Mageske illustrates the prior practice. In that case, we reviewed the employer's denial of the claimant's claim for thoracic outlet syndrome (TOS). The claimant's physician, Dr. Silver, concluded that the claimant's condition was the result of a work-related injury, while the employer's physicians testified to the contrary. On de novo review, we concluded that:

"Silver's testimony established that claimant's injury was compensable. Although there was contradictory medical evidence, even the physicians who did not agree with Silver's theory testified that he is a qualified physician held in high regard in the medical community. They also conceded that TOS is an area of medical science where there is considerable controversy among experts. Silver was claimant's treating physician for a substantial time and, as the treating physician, was able to observe claimant's shoulder during surgery. * * * Because of his first-hand exposure to and knowledge of claimant's condition, we give his opinion great weight."

93 Or App at 702. Thus, we did not give weight to Silver's opinion merely because he claimed the label "treating physician," but because the record showed that, as the treating physician, Silver had better information about the claimant's condition.

To similar effect is our opinion in Weiland v. SAIF, 64 Or App 810, 669 P2d 1163 (1983). In that case, we noted our tendency to give greater weight to the opinions of treating physicians in the absence of persuasive reasons not to do so. Id. at 814. We then explained that we gave greater weight to the treating physician in that particular case because he had the opportunity to see the claimant between 80 and 90 times and therefore "had a much better opportunity to evaluate claimant's condition than either of [the employer's] doctors, who examined him on a very limited basis." Id.

In 1987, the legislature amended ORS 656.298 to eliminate de novo review of Board decisions. Or Laws 1987, ch 884, 12a; see Garcia v. Boise Cascade Corp., 309 Or 292, 295, 787 P2d 884 (1990). We are now required to affirm the Board's findings of fact when the record, viewed as a whole, would permit a reasonable person to make such a finding. ORS 656.298(7); ORS 183.482(8). As we explained in Armstrong v. Asten-Hill Co., 90 Or App 200, 206, 752 P2d 312 (1988):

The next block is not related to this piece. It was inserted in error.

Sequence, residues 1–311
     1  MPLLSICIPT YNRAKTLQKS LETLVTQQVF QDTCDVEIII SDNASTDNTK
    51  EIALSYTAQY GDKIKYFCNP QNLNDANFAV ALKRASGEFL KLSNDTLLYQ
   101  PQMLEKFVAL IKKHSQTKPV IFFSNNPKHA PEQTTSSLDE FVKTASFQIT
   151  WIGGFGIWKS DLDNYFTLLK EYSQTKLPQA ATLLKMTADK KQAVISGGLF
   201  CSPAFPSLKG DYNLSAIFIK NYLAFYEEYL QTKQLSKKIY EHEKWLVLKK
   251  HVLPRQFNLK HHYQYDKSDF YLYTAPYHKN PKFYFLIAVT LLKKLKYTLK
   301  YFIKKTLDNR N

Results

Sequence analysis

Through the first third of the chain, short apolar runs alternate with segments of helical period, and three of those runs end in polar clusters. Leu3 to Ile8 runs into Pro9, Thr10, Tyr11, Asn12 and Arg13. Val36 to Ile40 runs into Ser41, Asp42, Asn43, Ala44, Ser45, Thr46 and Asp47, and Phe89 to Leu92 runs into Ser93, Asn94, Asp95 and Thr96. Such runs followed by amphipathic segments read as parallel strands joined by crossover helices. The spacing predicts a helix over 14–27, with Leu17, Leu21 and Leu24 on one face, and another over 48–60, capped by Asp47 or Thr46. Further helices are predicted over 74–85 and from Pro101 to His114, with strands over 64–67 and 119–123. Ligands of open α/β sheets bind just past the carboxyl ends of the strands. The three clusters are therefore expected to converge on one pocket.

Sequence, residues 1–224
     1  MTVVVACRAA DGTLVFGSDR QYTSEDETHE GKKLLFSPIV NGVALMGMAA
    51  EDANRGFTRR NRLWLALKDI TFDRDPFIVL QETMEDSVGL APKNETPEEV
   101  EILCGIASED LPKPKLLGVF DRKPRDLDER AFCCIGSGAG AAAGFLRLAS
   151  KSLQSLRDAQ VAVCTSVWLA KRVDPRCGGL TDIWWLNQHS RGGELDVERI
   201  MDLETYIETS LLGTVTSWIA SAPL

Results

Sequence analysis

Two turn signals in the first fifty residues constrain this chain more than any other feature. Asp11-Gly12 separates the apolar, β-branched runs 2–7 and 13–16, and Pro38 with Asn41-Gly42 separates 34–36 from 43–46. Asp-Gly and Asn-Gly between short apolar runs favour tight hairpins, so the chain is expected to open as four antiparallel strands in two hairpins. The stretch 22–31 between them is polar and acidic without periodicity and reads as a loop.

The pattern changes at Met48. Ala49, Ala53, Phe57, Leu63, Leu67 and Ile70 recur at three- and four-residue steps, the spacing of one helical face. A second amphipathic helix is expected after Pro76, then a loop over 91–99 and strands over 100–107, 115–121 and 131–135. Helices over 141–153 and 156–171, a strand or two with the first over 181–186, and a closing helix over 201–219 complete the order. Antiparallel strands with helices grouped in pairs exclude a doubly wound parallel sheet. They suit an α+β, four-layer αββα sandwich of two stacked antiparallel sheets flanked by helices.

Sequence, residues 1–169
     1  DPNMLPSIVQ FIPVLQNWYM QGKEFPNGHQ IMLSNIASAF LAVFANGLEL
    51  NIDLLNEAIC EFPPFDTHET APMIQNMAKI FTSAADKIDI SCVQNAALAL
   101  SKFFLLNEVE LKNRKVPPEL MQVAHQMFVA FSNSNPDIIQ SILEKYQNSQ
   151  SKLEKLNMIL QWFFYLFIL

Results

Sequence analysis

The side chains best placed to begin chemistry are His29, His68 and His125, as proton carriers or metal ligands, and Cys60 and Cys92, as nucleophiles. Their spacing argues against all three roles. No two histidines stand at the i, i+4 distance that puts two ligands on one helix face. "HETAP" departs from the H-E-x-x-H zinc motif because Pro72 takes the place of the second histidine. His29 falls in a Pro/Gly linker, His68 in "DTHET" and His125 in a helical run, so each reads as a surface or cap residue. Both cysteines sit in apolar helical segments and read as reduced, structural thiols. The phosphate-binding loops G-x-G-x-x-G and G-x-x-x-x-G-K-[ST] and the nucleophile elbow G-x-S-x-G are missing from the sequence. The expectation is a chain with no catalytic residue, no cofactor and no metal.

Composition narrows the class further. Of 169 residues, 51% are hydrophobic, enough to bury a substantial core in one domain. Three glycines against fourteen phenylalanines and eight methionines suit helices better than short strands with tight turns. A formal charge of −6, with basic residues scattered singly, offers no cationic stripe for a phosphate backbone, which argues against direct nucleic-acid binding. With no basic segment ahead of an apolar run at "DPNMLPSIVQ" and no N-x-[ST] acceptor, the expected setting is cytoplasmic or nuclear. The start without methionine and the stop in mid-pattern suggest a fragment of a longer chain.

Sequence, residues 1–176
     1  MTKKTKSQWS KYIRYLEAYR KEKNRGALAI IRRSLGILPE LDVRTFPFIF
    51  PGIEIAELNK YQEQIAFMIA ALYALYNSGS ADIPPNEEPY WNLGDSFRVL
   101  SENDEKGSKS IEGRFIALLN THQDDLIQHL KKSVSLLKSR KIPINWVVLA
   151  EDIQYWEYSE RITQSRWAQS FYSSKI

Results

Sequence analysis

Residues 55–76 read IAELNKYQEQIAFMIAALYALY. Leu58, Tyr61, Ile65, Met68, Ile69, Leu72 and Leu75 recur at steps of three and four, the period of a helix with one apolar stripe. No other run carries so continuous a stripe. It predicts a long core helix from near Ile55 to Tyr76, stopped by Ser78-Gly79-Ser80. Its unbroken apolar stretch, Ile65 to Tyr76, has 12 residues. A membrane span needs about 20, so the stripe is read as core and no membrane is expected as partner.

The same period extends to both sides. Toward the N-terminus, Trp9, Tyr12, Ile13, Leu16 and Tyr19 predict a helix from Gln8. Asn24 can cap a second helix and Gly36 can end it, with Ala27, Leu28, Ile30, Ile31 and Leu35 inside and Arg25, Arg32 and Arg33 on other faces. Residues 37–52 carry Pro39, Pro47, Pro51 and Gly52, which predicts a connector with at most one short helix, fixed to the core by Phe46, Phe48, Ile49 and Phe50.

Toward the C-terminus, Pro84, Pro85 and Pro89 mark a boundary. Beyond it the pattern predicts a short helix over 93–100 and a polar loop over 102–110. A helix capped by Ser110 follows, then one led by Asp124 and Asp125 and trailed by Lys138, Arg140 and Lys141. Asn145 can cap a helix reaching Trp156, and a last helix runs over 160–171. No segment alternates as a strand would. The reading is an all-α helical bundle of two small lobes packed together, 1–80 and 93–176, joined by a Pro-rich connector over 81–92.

"[I]n a context which is likely frequently to occur in workers' compensation cases, if there are doctors on both sides of a medical issue, whichever way the Board finds the facts will probably have substantial evidentiary support. We would not need to choose sides. * * * [T]he substantial evidence test * * * will be decisive only when the credible evidence apparently weighs overwhelmingly in favor of one finding and the Board finds the other without giving a persuasive explanation."

Thus, while under the previous standard of review, divided medical opinion led us as finders of fact frequently to give greater weight to the opinions of treating physicians, under the current standard of review that prior tendency is irrelevant. We no longer review Board decisions de novo. Under the current statutory scheme, divided medical opinion leaves the Board in the position of evaluating the evidence. The Board properly may or may not give greater weight to the opinion of the treating physician, depending on the record in each case. On review, we will affirm the Board's findings so long as substantial evidence supports them. Winters v. Woodburn Carcraft Co., 142 Or App 182, 187, 920 P2d 1118 (1996); Queener v. United Employers Ins., 113 Or App 364, 367, 832 P2d 1265, rev den 314 Or 176 (1992).

In the alternative, claimant argues that, even assuming that the Board did not err as a matter of law, its findings as to the conflicting medical evidence are not supported by substantial evidence. We have reviewed the record as a whole and conclude that the Board's findings are amply supported.